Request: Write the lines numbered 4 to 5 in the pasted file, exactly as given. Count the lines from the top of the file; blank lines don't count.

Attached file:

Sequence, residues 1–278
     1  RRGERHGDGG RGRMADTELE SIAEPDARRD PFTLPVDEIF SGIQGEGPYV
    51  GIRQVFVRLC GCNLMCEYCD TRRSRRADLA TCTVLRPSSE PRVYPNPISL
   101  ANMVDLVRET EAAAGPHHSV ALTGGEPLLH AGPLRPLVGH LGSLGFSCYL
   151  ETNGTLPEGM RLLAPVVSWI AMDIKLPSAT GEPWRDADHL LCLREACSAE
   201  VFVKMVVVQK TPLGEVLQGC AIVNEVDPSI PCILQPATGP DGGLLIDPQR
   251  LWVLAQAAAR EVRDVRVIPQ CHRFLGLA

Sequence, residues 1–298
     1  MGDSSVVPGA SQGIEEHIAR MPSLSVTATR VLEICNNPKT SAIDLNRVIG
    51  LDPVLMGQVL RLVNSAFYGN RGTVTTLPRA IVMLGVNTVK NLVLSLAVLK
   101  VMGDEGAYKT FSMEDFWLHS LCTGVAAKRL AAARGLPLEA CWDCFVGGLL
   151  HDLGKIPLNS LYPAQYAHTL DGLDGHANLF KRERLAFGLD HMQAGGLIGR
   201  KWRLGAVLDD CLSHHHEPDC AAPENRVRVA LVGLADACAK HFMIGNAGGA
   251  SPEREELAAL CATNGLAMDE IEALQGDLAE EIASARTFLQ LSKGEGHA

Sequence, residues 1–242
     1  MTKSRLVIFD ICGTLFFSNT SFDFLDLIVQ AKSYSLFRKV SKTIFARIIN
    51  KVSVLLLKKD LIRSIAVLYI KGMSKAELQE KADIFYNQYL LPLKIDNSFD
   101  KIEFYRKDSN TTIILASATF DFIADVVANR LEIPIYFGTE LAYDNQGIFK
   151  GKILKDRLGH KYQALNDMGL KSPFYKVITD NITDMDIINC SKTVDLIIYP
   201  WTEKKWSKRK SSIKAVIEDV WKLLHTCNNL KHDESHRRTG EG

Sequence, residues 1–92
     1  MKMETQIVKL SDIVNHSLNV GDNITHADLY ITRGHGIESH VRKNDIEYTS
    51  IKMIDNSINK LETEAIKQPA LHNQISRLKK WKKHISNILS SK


   101  ANMVDLVRET EAAAGPHHSV ALTGGEPLLH AGPLRPLVGH LGSLGFSCYL
   151  ETNGTLPEGM RLLAPVVSWI AMDIKLPSAT GEPWRDADHL LCLREACSAE